The Collegian
Friday, August 07, 2020

Richmond mayor candidate Levar Stoney visits campus

<p>Levar Stoney stopped by the Commons this morning to shake&nbsp;hands with Richmond students one day before the mayoral election.&nbsp;</p>

Levar Stoney stopped by the Commons this morning to shake hands with Richmond students one day before the mayoral election. 

Richmond mayoral candidate Levar Stoney visited the Tyler Haynes Commons at University of Richmond this morning to shake hands with students and ask for their votes in Tuesday's election.

Stoney visited the university commons and sat just a few yards away from students tabling for Donald Trump while he drew parallels between the national election and Richmond's local one.

"I would have never thought I’d be running at a time where you hear so much divisive language from the top to the bottom," Stoney said. 

Stoney compared Richmond's front-runner, Joe Morrissey, to the Republican nominee for president.

"In my race, I’m encountering a Trump-like figure in Joe Morrissey," Stoney said. "It can be distracting from the issues that really matter to the actual electorate. I would like to get back to a place where we’re more focused on our problems and those solutions rather than being focused on someone’s personal and professional misconduct."

Richmond's mayoral campaign has been riddled with scandal because of Morrissey’s candidacy and his previous conduct. In 2014, Morrissey, now 59 years old, pleaded guilty and was charged after prosecutors accused him of having sex with a 17-year-old who was working in his office. Morrissey is now married to the girl, Myrna, 20, and the couple have two children together. Last week, a former female legal client of Morrissey’s said he made unwanted sexual advances toward her. Morrissey admitted to sending “flirtatious” texts to the client.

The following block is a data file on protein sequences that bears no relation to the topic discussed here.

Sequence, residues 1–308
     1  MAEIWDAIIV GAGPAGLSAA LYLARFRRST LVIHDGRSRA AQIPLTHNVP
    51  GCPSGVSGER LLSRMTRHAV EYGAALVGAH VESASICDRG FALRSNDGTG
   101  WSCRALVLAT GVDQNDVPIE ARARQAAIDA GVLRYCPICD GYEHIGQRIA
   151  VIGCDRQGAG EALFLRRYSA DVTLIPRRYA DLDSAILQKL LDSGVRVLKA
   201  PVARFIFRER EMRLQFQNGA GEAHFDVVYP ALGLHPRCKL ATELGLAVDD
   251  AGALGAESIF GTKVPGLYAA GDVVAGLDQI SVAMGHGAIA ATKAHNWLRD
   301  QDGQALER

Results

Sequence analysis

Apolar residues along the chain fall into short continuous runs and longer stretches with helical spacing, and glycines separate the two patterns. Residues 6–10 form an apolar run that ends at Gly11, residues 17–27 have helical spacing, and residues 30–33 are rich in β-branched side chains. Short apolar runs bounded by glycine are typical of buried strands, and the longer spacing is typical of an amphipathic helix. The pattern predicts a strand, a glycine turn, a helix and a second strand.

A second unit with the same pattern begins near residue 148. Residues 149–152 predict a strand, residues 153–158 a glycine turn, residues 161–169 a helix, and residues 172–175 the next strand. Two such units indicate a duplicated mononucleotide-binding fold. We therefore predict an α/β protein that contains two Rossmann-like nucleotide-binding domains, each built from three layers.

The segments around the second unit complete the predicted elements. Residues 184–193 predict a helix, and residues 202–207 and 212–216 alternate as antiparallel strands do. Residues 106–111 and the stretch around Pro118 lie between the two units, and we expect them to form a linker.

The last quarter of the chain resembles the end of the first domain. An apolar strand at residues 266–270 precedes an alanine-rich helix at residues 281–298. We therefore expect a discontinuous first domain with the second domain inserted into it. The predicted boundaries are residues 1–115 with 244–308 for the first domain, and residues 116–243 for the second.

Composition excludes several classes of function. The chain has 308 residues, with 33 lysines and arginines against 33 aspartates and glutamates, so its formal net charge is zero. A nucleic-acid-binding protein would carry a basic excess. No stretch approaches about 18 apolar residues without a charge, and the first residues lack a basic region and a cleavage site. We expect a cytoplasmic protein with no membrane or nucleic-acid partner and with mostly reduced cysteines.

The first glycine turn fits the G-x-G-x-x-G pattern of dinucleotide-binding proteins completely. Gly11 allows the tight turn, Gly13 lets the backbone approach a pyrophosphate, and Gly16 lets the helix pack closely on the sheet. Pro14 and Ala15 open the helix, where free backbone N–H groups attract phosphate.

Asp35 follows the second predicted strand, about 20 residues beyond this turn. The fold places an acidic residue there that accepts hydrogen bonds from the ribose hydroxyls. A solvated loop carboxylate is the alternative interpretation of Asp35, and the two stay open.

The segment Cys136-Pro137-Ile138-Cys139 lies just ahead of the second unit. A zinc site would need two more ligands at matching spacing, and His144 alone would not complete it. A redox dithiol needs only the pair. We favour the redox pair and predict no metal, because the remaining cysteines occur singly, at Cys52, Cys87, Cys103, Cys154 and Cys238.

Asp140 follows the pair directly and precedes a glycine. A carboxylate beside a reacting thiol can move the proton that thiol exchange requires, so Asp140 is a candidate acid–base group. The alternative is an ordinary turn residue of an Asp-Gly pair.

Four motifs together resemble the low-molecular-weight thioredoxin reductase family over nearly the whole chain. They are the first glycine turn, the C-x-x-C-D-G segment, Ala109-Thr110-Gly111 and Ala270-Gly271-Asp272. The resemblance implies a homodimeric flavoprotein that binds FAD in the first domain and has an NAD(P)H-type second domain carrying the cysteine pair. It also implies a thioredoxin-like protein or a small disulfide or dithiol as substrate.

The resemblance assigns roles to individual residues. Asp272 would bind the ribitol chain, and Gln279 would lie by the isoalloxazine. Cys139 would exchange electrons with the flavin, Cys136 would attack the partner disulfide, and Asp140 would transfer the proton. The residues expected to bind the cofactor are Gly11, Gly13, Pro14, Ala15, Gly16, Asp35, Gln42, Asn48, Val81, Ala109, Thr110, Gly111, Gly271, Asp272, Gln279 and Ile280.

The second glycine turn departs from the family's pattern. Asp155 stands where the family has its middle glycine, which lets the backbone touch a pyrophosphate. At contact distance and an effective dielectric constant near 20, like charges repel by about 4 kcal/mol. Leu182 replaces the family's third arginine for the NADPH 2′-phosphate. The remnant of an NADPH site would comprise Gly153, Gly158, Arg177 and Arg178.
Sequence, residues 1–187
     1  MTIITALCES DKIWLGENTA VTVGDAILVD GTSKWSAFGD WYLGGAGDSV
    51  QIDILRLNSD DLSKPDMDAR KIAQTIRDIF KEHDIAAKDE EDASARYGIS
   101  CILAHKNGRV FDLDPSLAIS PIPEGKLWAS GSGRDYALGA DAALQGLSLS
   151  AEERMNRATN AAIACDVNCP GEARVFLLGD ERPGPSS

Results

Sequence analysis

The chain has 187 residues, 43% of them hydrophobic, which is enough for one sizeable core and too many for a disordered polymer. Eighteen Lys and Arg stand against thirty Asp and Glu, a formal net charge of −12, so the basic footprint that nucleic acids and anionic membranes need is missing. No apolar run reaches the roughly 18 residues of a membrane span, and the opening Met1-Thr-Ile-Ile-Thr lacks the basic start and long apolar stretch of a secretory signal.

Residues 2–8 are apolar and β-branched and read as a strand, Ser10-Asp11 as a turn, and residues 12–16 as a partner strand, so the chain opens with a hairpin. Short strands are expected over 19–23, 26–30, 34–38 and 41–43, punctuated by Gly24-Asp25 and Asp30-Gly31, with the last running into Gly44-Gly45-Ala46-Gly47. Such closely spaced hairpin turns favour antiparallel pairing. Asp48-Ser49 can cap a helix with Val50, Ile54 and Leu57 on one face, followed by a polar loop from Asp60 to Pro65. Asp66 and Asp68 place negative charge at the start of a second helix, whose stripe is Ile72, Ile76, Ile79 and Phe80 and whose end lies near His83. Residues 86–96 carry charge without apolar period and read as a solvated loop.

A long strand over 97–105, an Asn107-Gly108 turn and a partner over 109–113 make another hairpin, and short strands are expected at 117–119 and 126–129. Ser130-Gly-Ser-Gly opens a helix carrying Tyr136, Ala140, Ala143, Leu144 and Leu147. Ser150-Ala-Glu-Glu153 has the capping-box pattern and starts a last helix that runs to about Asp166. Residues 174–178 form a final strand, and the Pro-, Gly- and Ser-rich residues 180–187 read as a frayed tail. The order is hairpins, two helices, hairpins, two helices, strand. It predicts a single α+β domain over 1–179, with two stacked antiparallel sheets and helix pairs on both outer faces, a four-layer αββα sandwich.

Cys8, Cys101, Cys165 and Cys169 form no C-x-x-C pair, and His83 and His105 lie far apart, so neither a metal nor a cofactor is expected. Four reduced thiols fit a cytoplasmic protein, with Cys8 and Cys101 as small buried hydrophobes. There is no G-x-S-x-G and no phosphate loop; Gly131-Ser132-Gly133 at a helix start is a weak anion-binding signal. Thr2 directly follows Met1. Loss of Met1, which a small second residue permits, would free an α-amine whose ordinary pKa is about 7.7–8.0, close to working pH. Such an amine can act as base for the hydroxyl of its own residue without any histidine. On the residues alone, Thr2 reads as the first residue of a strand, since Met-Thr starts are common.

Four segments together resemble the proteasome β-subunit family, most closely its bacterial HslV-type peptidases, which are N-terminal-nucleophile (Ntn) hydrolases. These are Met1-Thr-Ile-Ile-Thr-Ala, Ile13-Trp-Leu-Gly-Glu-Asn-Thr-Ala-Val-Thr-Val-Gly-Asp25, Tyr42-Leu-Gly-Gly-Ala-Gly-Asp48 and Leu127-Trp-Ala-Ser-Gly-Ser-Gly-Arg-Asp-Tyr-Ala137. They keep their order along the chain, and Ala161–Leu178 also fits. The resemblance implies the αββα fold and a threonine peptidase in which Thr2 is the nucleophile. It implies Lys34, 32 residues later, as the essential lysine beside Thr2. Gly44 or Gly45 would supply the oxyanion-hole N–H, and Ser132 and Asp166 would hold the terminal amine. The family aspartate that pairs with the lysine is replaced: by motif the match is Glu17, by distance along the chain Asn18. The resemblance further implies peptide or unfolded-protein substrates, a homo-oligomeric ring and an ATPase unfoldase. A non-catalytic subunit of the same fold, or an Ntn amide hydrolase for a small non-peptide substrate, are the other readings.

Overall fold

Morrissey’s father-in-law started an online campaign against Morrissey's election called “Say No To Joe,” where he says Morrissey “preyed upon my teenaged daughter and continues to take advantage of her young and naïve mind.”

For Stoney, Morrissey's candidacy is a distraction from the problems facing Richmond residents.

“It distracts from those people who are living on the margins, who need the help of city hall,” Stoney said. “If we’re stuck in someone’s reality show, how can we focus on the least of these who need our help more than others?”

Stoney, 35, has raised more money than any other previous candidate for Richmond mayor, more than $700,000 total, and is the only candidate endorsed by the Richmond city democrats, but he trails in third just one day before the election. 

Stoney said it's a "very tight race tomorrow between three front-runners," Morrissey, Jack Berry and himself.

After graduating from James Madison University in 2004, Stoney worked for Virginia politicians Mark Warner, Tim Kaine and Terry McAullife, where he was the youngest member of the governor’s cabinet.

“I’ve been able to see first hand what active positive leadership can actually do for citizens,” Stoney said. “It’s time for a mayor of Richmond to actually put progressive values into action and to stand up for what’s right and what’s good.”

Before Stoney began shaking hands with Richmond students this morning, he told The Collegian why students voting in Richmond should choose him tomorrow.

“If they want a mayor that’s going to put the children of the city first, a mayor that’s going to put listening to the citizens of the city first, and a mayor that can actually bring the city together, then I’m their guy,” Stoney said.

To become Richmond's next mayor, a candidate must win five of the nine total districts. If a candidate doesn't win five, a runoff election will be held between the top two candidates on Dec. 20.

For Stoney, Tuesday's election offers a door to the progressive future he envisions for the city, and Richmond residents hold the key to unlock it.

“I’m ready to take Richmond to the next level and I think Richmond is ready for some new blood,” Stoney said.

Contact news writer Claire Comey at